New steps forward for the nuclear fusion: according to national news agencies, the Chinese reactor Experimental Advanced Superconducting Tokamak (East) would have maintained a temperature of 70 million degrees centigrade for more than 17 minutes. With temperatures five times higher than those of the Sun maintained for more than a quarter of an hour, this is a new world record, which exceeds that held by the French nuclear fusion reactor Tore Supra.
That’s not all: researchers at the Princeton Plasma Physics Laboratory in the United States found that the boron mineral, an element contained in many household cleaners, could be improve capacity of the reactors to contain the heat necessary for the nuclear fusion reaction. The findings of the discovery were published in the journal Nature physics and, together with those reached by the East reactor, they bring scientists a little closer to the almost unlimited production of clean energy.
An artificial “sun”
As a artificial sun: that’s how a nuclear fusion reactor. Within these devices, in fact, we try to obtain the fusion of hydrogen isotopes to produce helium at very high pressures and temperatures, the same reaction that occurs inside the stars and which represents a potential resource for energy production around the world.
In this way, in fact, they would be generated in nuclear fusion reactors huge amounts of clean energy, without the production of saw gas – the main culprits of global warming – or radioactive waste. Because of its potential, scientists all over the world have been trying to achieve more than seventy years efficient process from an energy point of view, especially through the reactors they contain symmetrical magnetic structures this tokamak.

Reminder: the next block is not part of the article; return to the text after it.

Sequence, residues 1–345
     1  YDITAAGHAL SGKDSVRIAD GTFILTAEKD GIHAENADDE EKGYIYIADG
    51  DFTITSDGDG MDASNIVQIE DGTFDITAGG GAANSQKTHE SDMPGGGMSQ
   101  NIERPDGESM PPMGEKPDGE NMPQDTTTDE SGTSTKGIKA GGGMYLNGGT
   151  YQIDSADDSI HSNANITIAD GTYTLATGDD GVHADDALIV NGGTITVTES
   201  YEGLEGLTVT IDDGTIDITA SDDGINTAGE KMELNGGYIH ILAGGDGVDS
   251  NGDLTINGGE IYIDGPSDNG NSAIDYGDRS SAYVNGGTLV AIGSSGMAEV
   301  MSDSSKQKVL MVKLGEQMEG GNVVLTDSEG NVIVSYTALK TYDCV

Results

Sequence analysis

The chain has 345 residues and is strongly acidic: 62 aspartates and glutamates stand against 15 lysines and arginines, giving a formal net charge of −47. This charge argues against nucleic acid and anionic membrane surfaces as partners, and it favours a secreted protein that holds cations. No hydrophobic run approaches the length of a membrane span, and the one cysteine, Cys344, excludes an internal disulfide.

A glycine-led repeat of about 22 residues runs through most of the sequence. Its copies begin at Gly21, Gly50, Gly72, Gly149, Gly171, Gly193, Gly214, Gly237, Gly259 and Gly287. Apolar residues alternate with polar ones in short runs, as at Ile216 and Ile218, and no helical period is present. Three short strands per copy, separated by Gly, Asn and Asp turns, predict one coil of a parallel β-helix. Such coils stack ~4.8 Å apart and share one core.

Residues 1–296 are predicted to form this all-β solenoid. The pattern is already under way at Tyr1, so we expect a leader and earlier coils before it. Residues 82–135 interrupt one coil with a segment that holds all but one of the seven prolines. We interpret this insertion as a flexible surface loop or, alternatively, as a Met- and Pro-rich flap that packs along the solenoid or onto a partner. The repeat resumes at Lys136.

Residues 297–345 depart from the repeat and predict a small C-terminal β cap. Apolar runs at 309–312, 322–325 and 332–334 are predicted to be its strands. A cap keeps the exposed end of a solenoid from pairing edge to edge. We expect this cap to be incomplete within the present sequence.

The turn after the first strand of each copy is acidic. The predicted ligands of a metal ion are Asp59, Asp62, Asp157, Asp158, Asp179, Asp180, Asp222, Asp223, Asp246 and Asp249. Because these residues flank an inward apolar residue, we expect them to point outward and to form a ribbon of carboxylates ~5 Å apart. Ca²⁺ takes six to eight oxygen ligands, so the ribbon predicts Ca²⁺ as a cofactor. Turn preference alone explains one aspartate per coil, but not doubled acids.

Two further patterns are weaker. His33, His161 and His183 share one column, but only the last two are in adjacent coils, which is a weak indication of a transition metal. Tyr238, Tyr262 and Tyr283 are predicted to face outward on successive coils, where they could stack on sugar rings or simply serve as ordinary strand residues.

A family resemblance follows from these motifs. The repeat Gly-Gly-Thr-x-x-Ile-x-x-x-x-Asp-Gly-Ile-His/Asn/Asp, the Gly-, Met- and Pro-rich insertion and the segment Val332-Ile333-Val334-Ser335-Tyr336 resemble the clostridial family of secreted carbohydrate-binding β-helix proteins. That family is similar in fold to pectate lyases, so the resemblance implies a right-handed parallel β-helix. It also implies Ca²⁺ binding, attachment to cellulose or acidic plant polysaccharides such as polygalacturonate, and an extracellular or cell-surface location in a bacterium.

These reactors, first designed by Natan Yavlinsky in 1958, seek to achieve nuclear fusion by bringing isotopes of hydrogen in the plasma state ad very high temperatures (which must be greater than those of the Sun because the pressures in the reactor are much lower than those inside a star) for a sufficiently long period of time, but the undertaking is more difficult than it seems: the greatest technical obstacle is the heat confinement, and that is to find a way to keep the highly superheated plasma in a given useful position for nuclear fusion. In tokamaks, confinement occurs thanks to the magnetic fields that the structure generates.